Cybersecurity Graduate Programs

Jan 15, 2019

Several different graduate degree programs in cybersecurity are available and typically provide flexible formats for working professionals. Compare and contrast some of the degree options and learn about common admission requirements.

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Graduate programs in cybersecurity prepare students for the ever-changing world of computer, network and information security. Students can choose from a number of master's degree programs or at least one doctoral program in the field. Here, we discuss these degree options in detail, including credit requirements and common course topics.

Types of Graduate Programs in Cybersecurity

Master of Science in Cybersecurity

Students can pursue a Master of Science (MS) in Cybersecurity or Cybersecurity Technology that are usually available in flexible formats, including online, hybrid, evening and weekend formats. These programs may range from about 30 to 36 credits and can be completed in as little as 1 year. Students in these programs are usually required to complete a capstone course, but some programs may allow students to replace the capstone with a thesis option and/or require an additional hands-on learning experience through a cybersecurity practicum. Common core courses for these programs may discuss topics in cybersecurity foundations, cyber-attack/intrusion detection and prevention, information security and digital forensics.

Master of Engineering in Cybersecurity

There are Master of Engineering (MEng) in Cybersecurity degree programs and more specific MEng programs, like in cybersecurity policy and compliance. These programs are usually available in online formats, can be completed in about 2.5 years and typically require around 30 credit hours. Most of these programs do not require a thesis and may leave room for a few elective courses to allow students to explore specific topics of interest. Some core course topics for these programs may include information security, network security, information management and information assurance.

Doctorate in Cybersecurity

At the doctoral level, students can pursue a Doctor of Science (DSc) in Cybersecurity that may be available on-campus, online or in a hybrid format. Credit requirements for these programs may be as low as 36 credits for those with a master's degree or as high as 72 credits for those with a bachelor's degree. Most of these degree programs require a dissertation and may focus on applied research in the field. Coursework at the doctoral level varies greatly based on a student's research interests, but students may be able to take courses in topics like ethics and leadership, research theory, computer security, monitoring and auditing and operating systems.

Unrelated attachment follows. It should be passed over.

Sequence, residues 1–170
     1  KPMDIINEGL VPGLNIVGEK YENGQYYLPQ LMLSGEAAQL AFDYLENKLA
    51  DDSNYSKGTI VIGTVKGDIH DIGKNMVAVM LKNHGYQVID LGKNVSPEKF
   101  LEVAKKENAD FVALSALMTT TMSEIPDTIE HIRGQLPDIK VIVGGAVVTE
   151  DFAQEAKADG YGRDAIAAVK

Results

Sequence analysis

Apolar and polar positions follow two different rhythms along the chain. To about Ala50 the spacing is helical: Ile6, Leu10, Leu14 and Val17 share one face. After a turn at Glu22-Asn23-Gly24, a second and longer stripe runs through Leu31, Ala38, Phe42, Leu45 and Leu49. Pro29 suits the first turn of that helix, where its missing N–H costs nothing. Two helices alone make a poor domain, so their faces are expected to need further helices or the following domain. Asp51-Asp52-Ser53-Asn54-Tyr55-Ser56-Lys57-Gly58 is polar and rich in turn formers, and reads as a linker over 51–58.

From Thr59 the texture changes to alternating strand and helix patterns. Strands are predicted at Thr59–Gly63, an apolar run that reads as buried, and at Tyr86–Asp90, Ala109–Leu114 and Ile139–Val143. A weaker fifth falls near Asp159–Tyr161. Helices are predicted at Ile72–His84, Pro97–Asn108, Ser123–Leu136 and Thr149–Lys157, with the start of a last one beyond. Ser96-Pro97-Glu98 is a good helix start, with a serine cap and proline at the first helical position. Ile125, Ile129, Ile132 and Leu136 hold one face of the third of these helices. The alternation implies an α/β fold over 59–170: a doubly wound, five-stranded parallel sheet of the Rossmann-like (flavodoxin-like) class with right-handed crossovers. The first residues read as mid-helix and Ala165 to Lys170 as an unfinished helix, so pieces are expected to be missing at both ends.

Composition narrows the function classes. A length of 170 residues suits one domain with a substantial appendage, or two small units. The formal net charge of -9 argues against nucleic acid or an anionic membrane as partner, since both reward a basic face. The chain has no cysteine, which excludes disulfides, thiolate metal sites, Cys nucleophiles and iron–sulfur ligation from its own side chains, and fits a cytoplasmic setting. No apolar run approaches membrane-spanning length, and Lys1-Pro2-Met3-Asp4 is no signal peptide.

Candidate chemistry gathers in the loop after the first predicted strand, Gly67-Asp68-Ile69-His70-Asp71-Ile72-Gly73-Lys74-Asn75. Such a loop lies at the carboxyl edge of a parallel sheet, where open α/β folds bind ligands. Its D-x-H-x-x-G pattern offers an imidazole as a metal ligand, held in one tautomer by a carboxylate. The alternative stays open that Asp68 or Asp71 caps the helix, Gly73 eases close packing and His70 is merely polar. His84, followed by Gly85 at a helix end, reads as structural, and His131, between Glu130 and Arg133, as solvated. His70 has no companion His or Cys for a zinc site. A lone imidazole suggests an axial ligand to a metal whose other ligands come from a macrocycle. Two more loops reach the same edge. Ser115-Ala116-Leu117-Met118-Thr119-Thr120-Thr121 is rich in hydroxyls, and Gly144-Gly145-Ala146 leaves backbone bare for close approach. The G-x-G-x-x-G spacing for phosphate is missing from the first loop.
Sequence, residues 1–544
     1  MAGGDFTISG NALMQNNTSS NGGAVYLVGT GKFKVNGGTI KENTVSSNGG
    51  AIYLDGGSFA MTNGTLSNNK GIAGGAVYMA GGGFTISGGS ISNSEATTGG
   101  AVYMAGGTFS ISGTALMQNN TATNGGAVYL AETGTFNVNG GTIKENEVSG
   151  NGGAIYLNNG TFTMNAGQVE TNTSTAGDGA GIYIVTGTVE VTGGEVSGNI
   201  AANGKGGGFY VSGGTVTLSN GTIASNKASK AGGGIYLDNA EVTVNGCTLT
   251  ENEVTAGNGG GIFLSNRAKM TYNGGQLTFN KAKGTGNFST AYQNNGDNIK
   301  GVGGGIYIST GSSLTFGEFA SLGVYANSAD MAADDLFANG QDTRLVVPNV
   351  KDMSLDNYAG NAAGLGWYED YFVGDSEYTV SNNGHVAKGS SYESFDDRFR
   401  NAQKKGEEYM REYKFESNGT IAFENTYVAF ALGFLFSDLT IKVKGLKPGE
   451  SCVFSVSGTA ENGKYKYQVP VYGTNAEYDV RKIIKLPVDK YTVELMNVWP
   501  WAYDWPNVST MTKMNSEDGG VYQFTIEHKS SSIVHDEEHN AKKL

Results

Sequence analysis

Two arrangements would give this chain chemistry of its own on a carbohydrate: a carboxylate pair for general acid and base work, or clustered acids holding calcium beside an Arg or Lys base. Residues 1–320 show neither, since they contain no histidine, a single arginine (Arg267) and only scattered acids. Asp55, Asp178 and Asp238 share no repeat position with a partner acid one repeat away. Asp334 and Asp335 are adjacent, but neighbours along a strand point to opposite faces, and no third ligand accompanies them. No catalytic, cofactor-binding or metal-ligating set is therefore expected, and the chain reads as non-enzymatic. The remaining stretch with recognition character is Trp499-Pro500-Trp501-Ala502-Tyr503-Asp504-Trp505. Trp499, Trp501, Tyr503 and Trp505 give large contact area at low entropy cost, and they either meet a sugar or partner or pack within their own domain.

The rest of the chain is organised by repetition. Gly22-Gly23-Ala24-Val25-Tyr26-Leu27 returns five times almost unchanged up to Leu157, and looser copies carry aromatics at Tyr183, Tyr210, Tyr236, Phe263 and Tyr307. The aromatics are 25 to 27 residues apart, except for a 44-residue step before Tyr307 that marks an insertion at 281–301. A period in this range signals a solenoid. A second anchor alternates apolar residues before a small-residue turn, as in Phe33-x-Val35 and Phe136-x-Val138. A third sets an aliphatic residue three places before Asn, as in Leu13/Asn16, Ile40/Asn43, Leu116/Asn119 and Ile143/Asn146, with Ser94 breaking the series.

Common Entrance Requirements

Entrance requirements for cybersecurity graduate programs vary by level and program, but students who plan to apply usually need at least a bachelor's degree, which also typically needs to be in a field of engineering, math, computer science, physics or another related field. Some programs may admit students without a degree from these particular fields, but may require some work experience instead. Several of these programs require a minimum GPA around a 3.0 and programs are generally mixed on whether they require the GRE or not. Depending on the program, students may be required to include their transcripts, letters of recommendation, statement of purpose/research background and a resume or CV with their application. Some programs may also require an interview process for applicants.

Cybersecurity degree programs are available at the master's and doctoral levels and are typically available in online and/or other flexible formats. Depending on the program, students may need to complete a final project or a research/dissertation.

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